Hoosier Noir: One is a crime fiction magazine aimed at Indiana. Published by First City Books, the read came on the market in recent weeks and looked interesting, so I picked up a copy. Available in print and eBook versions, I went with the digital file and bought this by way of funds in my Amazon Associate account. I knew going in that this was going to be crime fiction and expected tales with hard edges. That is exactly what I got and more.

The issue opens with “Dunn and Dunn” by J. Travis Grundon. Dakota Fisher saw the Dunn boys while he was out in the woods doing his own less than legal thing. Rodney and Wayne saw him and that is a disaster. The only chance he has to live is to run as far and as fast as he can through the woods. If they catch him, he is dead. No doubt about it.


That story is followed by an interview titled “Interrogating Rex Weiner.” His new project in his Skull Snyder detective series, the planned new Ford Fairlane adventure, Noir at the Bar, various publications that have his short stories, and more are discussed here in the wide-ranging interview.


“Author Spotlight: Alec Cizak” comes next and focuses on “Last Exit before Toll” by him. A night of partying is ending for two young ladies. At least it is for Jessica who is calling it quits. Emily plans to keep going as the DJ seems to be very interested and she may finally succeed in getting him.


There are people rolling through social media on a daily basis trying to set off judgmental firestorms on others. We have all seen it if we have not been arty to it in one way or another. That concept familiar to us all if the point of the next story. Brian Klein in “Destroyers” by Alec Cizak is one of those people who lives to rain judgmental social media fire down on others. What he does is the focus of this tale that says a lot about the state of the world today.


Preston Lang is up next with “Descent.” Mr. Kent’s report of his missing husband is not being taken seriously by Police Chief Lohta. Maybe he does not care for homosexuals. Maybe Chief Lohta and his police force are incompetent. Hal is missing and, at this point, nobody seems to care.


Sometimes you must shoot somebody twice. One so they understand the reason why. The second to end them. He did it in “The Iceman” by Les Edgerton. For good reason too.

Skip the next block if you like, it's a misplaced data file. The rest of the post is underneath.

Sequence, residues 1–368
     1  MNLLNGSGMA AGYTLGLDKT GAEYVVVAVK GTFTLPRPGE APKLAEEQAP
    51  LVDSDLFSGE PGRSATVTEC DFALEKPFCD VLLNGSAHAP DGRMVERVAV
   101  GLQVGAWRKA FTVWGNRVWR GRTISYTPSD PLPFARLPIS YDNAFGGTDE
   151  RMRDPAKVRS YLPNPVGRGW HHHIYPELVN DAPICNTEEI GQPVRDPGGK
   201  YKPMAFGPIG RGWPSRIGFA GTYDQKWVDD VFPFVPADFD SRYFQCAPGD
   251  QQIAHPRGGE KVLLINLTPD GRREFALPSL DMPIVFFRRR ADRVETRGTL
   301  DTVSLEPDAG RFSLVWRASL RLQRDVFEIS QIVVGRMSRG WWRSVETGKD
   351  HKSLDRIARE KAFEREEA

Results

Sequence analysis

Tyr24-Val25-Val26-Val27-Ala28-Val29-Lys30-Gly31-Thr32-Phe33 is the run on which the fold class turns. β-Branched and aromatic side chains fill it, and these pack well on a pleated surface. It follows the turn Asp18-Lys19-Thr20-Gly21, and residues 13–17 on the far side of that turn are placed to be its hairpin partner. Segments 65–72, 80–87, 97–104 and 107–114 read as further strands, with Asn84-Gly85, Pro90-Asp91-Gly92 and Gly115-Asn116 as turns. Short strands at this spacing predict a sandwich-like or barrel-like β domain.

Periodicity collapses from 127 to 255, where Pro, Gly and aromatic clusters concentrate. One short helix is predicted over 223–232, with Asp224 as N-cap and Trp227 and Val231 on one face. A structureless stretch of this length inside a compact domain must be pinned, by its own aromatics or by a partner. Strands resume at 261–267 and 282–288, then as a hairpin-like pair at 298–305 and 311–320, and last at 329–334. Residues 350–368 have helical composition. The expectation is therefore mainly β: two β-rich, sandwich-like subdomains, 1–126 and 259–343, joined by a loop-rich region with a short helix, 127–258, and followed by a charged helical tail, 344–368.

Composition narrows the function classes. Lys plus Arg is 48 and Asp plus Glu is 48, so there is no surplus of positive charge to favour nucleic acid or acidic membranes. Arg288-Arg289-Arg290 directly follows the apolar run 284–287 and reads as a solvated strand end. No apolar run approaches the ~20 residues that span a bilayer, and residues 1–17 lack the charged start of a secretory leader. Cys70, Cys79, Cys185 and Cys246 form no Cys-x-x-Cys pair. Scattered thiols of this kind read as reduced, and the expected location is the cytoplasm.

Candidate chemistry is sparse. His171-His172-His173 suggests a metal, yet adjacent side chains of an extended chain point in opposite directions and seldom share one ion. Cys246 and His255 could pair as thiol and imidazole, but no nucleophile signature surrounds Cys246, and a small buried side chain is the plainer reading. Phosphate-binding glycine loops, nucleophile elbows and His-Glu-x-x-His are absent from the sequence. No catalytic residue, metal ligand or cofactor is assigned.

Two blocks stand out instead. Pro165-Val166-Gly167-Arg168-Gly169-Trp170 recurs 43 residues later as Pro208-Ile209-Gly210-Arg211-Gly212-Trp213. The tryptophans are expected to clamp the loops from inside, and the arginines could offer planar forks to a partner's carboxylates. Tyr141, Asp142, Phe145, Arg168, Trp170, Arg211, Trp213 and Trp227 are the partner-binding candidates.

Rebecca is in a justifiably bad mood “The Haunted Crave Knowing” by J. Rohr begins. The woman on the porch is looking for Doug Conover as she needs help. Too bad he is dead. Rebecca is her only option now.


The cleanup after a killing is the hardest part. That is, if you do not want to get caught. Bleach is very important in “It All Comes Out In The Wash” by N. B. Turner.


The first killing was sort of an accident. A thrilling accident. Travis figured out he liked it in “The Selfie Killer” by N. E. Riggs. The trick is to keep it going.


Bobby Conrad is one of those guys that names his own male anatomy. He brags a lot about that and other things in his small town of green apples, Indiana. A current murder case involving Jim and Molly Wagner might prove him wrong on some stuff. “Dick Pic” by Don Stoll concludes the issue.

Along with the crime fiction and the interview, there five illustrations and photographs to provide breaks in the reading. Also present are a few scattered ads for books and other short story publications. All of those present nicely in the eBook version and no doubt appear even better in the print version.


Hoosier Noir: One is an entertaining and well put together read. The stories are all crime fiction so things are graphic especially in terms of language. These tales are noir and that means they are dark. If you are looking for sweetness and light, this is not the read for you. Along with the quality fiction showcased in this first issue of what hopefully will be a series, the photographs and artwork are a nice added touch and fit well in context.  Hoosier Noir: One is very much your time and money. Simply put, this is good stuff.



I picked up my copy back in February using funds in my Amazon Associate account.


Kevin R. Tipple ©2020

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